Broccoli of the early classes may be sown towards the end of the month. Lettuce and Radishes maybe sown between Potatoes or other crops, - the former for transplanting, and the latter to be off before the Potatoes shade them. Divide and plant Rhubarb : rich well-drained soil suits Rhubarb. Seed may be sown to raise stock. The main crops of Potatoes may be planted forthwith. Opinions as to time of planting vary widely. Some maintain early in March is best, others prefer the middle of April, We consider it the right time between those periods, when the soil is dry and warmed by sun-heat. Parsnips, like Onions, may be sown any time from end of February to beginning of April; the former on deep soil free from rank manure, and the latter on very strong rich soil. Parsley may be sown on early borders; and the plants which have been raised in pots, etc., and are ready to turn out, should get attention as early as possible. Successions of Spinach may be sown between bushes, Peas, or any other crops. Turnips cannot be sown with safety for main crops, but small patches may be sown every week on warm borders. Gentle hotbeds may bring them to a useful size, but very early sowings soon run to seed. The planting of Cabbage from store-beds may be done as early as ground is fit to receive them.

Though many crops have suffered from frost during the past winter - winter and early spring Broc-colis especially - the plots of young Cabbage are left in capital condition. Rosette Coleworts, which we were cutting from before frost came, are, with few exceptions, uninjured by frost, and quite tender and useful for present use. The forcing of vegetables is at this season a simple matter, but to neglect them causes a gap in the supplies: better to have some to spare than too few.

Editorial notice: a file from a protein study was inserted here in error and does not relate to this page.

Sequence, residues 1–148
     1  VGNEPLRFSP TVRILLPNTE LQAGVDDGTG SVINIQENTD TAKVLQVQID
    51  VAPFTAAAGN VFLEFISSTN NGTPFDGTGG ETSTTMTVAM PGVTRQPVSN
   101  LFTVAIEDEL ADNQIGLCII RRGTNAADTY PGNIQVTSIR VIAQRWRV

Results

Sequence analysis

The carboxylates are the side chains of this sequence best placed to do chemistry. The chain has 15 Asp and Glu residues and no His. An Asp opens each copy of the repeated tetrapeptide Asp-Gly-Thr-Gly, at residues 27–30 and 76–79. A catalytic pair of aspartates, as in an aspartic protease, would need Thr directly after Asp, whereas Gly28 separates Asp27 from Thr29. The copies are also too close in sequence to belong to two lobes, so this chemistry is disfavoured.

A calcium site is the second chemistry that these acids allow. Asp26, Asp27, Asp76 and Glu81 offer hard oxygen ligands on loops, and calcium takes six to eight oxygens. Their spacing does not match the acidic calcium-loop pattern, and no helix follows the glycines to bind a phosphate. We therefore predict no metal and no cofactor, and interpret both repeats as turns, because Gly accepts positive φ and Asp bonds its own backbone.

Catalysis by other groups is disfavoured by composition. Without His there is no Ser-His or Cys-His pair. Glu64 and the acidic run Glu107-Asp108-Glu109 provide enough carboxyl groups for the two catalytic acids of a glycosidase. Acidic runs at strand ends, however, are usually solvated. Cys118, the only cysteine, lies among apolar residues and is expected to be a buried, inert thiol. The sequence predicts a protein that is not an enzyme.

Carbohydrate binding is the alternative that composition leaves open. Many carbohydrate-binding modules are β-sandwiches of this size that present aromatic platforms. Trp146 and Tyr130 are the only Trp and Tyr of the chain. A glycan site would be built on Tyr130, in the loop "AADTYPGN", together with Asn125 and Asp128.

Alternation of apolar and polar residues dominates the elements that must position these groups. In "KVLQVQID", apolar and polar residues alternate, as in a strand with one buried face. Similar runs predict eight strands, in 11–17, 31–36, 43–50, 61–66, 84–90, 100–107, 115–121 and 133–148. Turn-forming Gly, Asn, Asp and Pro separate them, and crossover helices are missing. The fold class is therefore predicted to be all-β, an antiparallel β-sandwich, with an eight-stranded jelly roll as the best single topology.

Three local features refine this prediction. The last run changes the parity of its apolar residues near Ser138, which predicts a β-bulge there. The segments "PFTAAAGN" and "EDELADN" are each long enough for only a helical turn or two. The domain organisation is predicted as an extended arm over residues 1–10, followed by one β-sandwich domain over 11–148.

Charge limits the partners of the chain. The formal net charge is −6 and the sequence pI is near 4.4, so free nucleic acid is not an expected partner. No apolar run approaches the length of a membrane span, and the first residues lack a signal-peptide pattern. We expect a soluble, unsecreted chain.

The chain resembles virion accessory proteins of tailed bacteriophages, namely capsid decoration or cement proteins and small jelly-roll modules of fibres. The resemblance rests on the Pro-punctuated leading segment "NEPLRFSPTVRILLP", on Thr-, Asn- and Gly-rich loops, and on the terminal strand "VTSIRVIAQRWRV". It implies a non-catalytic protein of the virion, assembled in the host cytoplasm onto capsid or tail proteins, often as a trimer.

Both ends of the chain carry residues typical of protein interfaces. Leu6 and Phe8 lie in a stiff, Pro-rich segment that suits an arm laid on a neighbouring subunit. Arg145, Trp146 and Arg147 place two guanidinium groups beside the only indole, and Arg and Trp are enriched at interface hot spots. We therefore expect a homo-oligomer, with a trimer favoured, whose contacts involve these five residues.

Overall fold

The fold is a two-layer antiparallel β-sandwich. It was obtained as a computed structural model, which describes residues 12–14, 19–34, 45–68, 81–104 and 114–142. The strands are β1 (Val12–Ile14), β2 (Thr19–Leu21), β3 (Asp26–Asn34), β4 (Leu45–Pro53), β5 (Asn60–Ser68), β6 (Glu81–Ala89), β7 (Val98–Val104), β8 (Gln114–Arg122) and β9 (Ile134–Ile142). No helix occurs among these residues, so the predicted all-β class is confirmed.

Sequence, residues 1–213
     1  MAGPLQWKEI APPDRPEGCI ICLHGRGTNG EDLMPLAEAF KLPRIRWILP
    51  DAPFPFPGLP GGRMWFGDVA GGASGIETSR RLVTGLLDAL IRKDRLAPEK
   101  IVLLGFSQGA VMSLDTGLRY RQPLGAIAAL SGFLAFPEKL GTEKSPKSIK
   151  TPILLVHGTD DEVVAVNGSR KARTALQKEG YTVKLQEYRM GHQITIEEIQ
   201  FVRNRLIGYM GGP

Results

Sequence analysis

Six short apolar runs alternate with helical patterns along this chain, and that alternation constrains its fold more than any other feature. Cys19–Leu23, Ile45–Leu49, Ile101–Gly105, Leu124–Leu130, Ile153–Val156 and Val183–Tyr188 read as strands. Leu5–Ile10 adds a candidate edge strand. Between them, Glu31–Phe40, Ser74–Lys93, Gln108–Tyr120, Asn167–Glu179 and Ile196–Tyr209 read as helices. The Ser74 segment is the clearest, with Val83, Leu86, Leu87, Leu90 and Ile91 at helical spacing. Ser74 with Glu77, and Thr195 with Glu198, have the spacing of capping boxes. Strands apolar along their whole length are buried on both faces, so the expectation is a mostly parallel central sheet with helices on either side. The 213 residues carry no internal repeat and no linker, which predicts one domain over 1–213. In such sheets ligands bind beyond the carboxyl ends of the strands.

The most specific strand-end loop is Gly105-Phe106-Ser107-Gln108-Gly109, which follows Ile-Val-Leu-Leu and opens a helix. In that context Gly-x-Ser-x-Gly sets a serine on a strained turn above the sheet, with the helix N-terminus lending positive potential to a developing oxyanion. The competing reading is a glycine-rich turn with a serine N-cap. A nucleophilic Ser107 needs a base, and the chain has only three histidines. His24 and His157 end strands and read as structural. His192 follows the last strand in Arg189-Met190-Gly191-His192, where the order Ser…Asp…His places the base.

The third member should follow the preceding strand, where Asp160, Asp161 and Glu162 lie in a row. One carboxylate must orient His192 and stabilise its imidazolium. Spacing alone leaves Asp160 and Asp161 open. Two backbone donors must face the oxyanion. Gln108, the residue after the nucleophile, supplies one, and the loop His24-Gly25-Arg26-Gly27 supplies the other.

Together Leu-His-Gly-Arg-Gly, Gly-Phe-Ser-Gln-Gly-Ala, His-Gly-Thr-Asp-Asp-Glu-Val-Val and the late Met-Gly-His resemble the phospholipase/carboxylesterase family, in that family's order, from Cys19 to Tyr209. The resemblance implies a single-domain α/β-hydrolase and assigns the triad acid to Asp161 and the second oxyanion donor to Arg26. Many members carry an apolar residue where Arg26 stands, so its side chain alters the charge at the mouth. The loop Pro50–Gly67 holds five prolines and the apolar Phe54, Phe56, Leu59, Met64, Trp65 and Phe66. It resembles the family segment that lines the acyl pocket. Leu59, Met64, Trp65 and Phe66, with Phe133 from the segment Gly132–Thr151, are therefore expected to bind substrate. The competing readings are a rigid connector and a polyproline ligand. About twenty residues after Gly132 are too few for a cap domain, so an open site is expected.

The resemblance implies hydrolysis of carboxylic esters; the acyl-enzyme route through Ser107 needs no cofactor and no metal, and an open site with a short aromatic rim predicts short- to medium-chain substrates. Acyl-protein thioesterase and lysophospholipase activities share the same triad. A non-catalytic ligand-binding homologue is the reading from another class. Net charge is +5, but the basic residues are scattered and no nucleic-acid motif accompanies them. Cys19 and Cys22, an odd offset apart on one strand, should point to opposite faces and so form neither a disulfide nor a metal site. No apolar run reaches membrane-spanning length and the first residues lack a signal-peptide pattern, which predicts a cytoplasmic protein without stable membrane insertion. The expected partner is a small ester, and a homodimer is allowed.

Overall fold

Asparagus (whether by lifting the roots or by glass and manure in the beds) should have constant additions made to the stock being forced. The demand can alone regulate the supply. A lightful started every week will give a moderate supply. It is seldom, when other things are plentiful, that it is relished every day. Give Potatoes in frames and pits plenty of air and light; only keep frost and cutting winds from them. When they are ripe in pots, they may be placed anywhere in safety from frost and wet till they are used. To have the use of pots and frames, we have often covered the tubers with dry sand or soil till they were used up. Orchard-houses are of much value for storing such things. More Celery may be sown in gentle warmth. Avoid letting the young seedlings suffer from drought and want of air. French Beans may be planted in pots or pits. The latter plan gives the best produce with least labour. Thin Carrots in frames, and allow neither them nor forced Radishes to suffer from want of moisture. We often allow warm showers to give them their supply of moisture. Capsicums may be potted off and grown on in heat, with plenty of light and air when suitable for the latter.

Ridge Cucumbers may be sown if they are to have glass protection till danger from frost is past; but towards the end of the month, or in April, is early enough for most purposes. Tomatoes should be treated with care till they are ready to plant out: seed may be sown for succession. Those under glass should not be shaded or cooled unnecessarily. Sea-kale may be covered in the ground to blanch it: fine soil, leaf-mould, or sand answers for blanching. If there is not room for Mushrooms in sheds, etc., ridges may be formed and spawned outside.

M. T.